That was certainly true of the Gort Rural District Council. At a meeting in 1907, following riots in Dublin at the premiere of JM Synge’s play, The Playboy of the Western World the councillors’ response was vehement. They recorded their decision to “protest most emphatically against the libellous comedy, The Playboy of the Western World, that was belched forth during the past week in the Abbey Theatre, Dublin, under the fostering care of Lady Gregory and Mr Yeats. We congratulate the good people of Dublin in howling down the gross buffoonery and immoral suggestions that are scattered throughout this scandalous performance.

 

For more from the archives see this week’s Tribunes here

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Archive News

Real Galway flavour to intermediate club hurling battle in Birr

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Date Published: 23-Jan-2013

images/files/images/x3_Courthouse.jpg

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Athenry fail to take chances as they bow out of Junior Cup

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Date Published: 29-Jan-2013

Athenry FC 1

Kilbarrack United 2

(After extra time)

For the second year in succession Athenry were done in extra time in the FAI Junior Cup as last season’s beaten finalist’s came from behind to snatch an excellent game in Moanbawn on Sunday afternoon.

On a heavy pitch that was only playable following extensive groundwork by club officials all morning, the home side were by far the better side in the opening half, but failed to take advantage of a number of opportunities that came their way.

An Alan O’Donovan penalty gave them a merited advantage just after the restart, but thereafter were on the back foot as Kilbarrack took over, but for all their pressing, the home rearguard were dealing comfortably with their forays.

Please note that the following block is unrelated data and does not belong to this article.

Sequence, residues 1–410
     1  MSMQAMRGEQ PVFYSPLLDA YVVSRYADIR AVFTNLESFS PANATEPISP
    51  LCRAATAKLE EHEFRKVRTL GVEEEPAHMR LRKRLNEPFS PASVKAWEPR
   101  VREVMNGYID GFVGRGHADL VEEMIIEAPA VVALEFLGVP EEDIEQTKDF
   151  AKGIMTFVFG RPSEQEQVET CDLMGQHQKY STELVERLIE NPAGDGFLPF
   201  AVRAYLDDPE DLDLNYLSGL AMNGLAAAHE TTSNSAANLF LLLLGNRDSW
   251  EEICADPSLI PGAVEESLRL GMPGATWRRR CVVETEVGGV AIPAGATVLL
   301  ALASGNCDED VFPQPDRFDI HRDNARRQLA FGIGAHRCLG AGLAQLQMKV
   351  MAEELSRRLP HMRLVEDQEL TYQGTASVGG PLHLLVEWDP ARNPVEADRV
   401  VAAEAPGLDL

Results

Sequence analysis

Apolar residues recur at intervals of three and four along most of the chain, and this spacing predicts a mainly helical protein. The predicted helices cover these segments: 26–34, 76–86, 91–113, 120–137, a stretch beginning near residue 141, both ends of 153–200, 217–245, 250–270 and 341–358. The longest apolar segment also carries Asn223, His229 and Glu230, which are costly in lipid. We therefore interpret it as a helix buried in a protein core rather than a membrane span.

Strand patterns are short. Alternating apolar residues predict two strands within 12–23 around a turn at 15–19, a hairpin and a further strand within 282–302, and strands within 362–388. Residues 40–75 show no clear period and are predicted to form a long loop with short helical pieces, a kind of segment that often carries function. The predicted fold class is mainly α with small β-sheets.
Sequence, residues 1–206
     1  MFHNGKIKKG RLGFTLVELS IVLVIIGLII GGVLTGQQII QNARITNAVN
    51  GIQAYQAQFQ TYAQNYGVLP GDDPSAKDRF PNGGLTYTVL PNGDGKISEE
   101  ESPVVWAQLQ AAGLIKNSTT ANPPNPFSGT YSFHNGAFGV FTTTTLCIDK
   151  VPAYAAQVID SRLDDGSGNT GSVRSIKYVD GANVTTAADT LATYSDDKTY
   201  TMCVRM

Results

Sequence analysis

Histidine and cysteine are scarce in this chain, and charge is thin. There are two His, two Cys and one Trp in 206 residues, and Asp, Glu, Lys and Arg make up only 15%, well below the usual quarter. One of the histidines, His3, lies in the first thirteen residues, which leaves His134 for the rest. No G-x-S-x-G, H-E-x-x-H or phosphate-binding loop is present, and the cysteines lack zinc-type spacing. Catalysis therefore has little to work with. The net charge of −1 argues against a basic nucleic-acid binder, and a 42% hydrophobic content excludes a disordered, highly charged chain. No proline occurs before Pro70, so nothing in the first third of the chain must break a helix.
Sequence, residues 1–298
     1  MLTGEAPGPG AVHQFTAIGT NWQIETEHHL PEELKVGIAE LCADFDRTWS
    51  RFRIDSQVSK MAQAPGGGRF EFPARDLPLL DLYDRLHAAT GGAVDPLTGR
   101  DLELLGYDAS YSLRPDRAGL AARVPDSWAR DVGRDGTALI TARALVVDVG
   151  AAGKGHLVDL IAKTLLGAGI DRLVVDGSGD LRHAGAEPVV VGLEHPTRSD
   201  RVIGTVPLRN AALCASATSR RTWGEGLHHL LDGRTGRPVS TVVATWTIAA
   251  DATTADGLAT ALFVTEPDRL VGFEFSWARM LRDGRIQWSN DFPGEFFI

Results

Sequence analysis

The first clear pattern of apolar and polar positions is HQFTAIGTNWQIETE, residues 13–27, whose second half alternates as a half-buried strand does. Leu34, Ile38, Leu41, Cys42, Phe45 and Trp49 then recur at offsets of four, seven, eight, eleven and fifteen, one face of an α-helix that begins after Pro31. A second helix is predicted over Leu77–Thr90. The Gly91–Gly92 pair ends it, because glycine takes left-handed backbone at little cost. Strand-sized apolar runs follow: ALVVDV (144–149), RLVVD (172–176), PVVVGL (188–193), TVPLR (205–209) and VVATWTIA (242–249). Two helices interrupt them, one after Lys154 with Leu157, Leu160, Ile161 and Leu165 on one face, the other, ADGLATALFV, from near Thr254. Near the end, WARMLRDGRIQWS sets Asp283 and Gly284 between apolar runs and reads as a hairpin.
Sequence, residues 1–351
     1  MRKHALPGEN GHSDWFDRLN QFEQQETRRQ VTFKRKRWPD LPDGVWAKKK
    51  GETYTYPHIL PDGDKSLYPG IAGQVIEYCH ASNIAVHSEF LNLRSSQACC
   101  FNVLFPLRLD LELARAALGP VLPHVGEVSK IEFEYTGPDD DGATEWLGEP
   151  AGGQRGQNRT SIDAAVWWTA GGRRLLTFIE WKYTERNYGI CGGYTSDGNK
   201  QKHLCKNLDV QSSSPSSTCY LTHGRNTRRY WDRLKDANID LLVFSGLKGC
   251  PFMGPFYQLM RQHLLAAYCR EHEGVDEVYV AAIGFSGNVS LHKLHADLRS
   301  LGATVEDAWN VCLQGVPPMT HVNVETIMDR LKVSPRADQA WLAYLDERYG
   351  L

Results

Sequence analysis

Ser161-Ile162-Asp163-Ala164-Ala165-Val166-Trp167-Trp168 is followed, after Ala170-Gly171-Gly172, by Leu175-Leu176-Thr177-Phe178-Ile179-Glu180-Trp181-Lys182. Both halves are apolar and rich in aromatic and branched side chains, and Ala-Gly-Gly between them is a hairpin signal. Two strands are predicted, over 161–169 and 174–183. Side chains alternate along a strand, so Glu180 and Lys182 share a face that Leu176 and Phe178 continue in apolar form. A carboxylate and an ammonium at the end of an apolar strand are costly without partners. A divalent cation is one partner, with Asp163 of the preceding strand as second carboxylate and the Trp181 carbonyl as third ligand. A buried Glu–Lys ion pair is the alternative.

However they were struck a body blow just six minutes from time, as big striker Keith Kirwan was left all alone at the far post to head the equaliser and from that point on the Dubliners were the better side.

They started off the extra time in the ascendancy and enjoying all the momentum before striking for a good winning goal on 104 minutes. A strong bench allowed them to make some necessary changes and it was not a facility that was available to Athenry manager Gabriel Glavin.

With Gary Forde and Gary Delaney out through suspension following their sending off against OLBC in the previous round, and Seamie Crowe injured, it left their bench rather threadbare with just a number of young squad players available.

Playing with the aid of the slight incline and any wind advantage going, the home side had a Connor Cannon effort on target in the opening minute, while John Meleady was just over with a flick at the other end.

Meleady then tested Andrew Walsh who saved comfortably, before the goalkeeper pulled off a brilliant double save on 14 minutes.

Firstly he went full length to push away a Meleady shot and was then back on his feet to parry David Jackson’s close-range rebound.

For more, read this week’s Connacht Sentinel.